Middle Earth Challenge: Durin’s Bane

Middle Earth Challenge


The dark fire will not avail you, flame of Udûn. “—Gandalf to Durin’s Bane on the Bridge of Khazad-dûm , The Lord of the Rings, The Fellowship of the Ring

Durin’s Bane is a Balrog. Balrogs, also known as the Valaraukar, were Maiar that were seduced and corrupted by Melkor(Morgoth) into his service. But this Balrog was named Valarauko “Demon of Might”, later named Durin’s Bane by the Dwarves. The Balrog killed King Durin VI when the Dwarves were mining for mithril deep inside Moria and awoke him.

Durin’s Bane is oddly enough a Maiar spirit which existed before the Middle Earth was created. That being said, This Balrog is the same as Gandalf and Saruman, who descended into Arda with the Valar. I believe I’ve touched base on this over the last couple of post of the Middle Earth Challenge. But the Balrog was corrupted by Morgoth in the first age of Middle Earth. Durin’s Bane fought in a number of battle notably most of the War of the Jewels tot he vary end of the battle of War of the Wrath. Where Durnin’s Bane managed to escape to the Misty Mountains. Deep, Deep underground that would be Khazad-dûm.

All through out the second age of Middle Earth, more than five thousand. Till the third age came about and the Dwarves mined to to deep in their greed for meithril. Woke the Balrog and it killed Durin VI and then his son Náin I after a number of fail attempts to the Balrog. Later the Durin’s Folk left Khazad-dûm and renamed it Moria. Now we all know the big fight be Durin’s Bane and Gandalf that started at the Bridge of Khazad-dûm.

Ralph Bakshi’s The Lord of the Rings

The Balrog appeared in Raph Bakshi’s Animated Lord of the Rings. Is appears as a giant Humanoid with a lion’s head and wings. Gandalf is the only one that seems to recognize it, and it does not appear until The Fellowship reaches the Bridge of Khazad-dûm.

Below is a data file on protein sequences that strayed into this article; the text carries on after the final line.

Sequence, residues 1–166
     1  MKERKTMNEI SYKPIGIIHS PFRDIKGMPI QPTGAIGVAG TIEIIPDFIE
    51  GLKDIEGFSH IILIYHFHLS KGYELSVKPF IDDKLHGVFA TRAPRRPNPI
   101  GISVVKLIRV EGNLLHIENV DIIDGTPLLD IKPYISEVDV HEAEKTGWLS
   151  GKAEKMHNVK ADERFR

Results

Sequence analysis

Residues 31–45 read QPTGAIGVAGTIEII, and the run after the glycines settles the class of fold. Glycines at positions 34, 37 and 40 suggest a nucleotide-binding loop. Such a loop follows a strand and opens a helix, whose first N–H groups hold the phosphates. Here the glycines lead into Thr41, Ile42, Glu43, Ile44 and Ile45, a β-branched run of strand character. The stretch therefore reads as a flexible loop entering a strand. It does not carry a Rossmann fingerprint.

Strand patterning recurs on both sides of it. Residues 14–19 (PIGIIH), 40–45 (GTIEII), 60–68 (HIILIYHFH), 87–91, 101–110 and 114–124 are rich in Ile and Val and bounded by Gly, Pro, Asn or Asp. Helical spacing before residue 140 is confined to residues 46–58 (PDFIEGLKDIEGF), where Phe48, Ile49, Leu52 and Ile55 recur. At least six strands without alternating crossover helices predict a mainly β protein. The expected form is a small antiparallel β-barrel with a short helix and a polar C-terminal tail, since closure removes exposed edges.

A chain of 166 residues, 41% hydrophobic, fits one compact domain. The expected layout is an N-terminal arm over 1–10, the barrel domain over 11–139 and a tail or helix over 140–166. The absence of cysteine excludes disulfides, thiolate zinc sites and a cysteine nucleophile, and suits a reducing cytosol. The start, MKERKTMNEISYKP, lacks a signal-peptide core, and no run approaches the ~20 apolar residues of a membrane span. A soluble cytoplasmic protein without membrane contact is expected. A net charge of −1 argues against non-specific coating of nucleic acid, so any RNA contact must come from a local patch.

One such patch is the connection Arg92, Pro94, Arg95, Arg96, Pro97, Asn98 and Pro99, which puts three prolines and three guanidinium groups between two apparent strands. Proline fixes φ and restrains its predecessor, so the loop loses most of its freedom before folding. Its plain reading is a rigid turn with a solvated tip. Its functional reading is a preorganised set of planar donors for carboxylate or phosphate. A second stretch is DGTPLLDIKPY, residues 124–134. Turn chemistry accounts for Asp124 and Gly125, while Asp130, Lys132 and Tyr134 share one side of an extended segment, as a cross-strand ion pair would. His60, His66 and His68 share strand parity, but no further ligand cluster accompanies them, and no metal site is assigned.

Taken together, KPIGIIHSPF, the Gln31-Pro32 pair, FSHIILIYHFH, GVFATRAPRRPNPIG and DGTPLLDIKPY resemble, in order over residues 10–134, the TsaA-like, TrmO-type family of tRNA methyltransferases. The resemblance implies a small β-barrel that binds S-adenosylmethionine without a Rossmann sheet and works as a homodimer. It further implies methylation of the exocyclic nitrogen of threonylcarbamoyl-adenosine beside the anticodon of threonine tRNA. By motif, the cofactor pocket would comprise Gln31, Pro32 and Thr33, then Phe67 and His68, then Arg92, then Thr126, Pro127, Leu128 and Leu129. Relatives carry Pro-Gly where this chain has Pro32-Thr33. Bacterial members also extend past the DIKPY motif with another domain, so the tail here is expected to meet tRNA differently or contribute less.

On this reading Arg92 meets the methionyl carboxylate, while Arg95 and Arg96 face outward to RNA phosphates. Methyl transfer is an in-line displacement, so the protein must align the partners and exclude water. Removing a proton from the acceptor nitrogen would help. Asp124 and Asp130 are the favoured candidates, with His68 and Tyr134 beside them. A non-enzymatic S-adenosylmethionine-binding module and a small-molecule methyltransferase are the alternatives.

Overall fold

Peter Jackson’s The Fellowship of the Ring

The Balrog was also portrayed in Peter Jackson’s live-action film trilogy, as a giant, black creature covered in flame. Although Tolkien described it as being taller than a man but not huge, Durin’s Bane in the film is at least twenty feet tall. Rather than having a voice of any kind, when it roared, it sounded similar to an erupting volcano – the vaporous presence of heat emanating as its breath (the Balrog’s roar was created by pulling a cinderblock across a plywood board and then digitally shifting the pitch of the resulting sound.) Unlike previous adaptations, the goblins are terrified, and run as it comes closer to The Fellowship. Its weapons, rather than physical in nature, were completely comprised of flame, taking the form of a sword first and a whip second. Its own flames were its key weapon of choice against Gandalf. Their duel progress closely to how it does in the book: Gandalf shatters the Balrog’s fiery sword (using a magical shield formed around himself in conjunction with Glamdring), and then strikes bridge of Khazad-dûm, breaking it in half, and causing the Balrog to fall into the abyss. As the Balrog falls, its whip latches onto Gandalf’s legs and drags him off of the bridge.

Aside from this, the Balrog had been briefly seen in a book owned by Saruman, beforehand, as the latter taunted Gandalf telepathically of the choice of the Fellowship taking the route of Moria, implying that Saruman was aware that it had awoken and brought woe to the Dwarves there.

The Two Towers

The Balrog appears in a few flashbacks in The Two Towers. The first flashback shows the events that take place following Gandalf’s plunge into the abyss of Khazad-dûm: Gandalf hurtles down the chasm after the Balrog, recovering his sword Glamdring in midair and catching up to the Balrog. He and the Balrog attempt to kill each other as they continue to fall down the abyss, with Gandalf managing to land several blows on the Balrog while it makes constant attempts to strike at Gandalf with its fists and claws. They fall for a few minutes, until they at last crash violently into the underground lake, temporarily extinguishing the Balrog’s flames.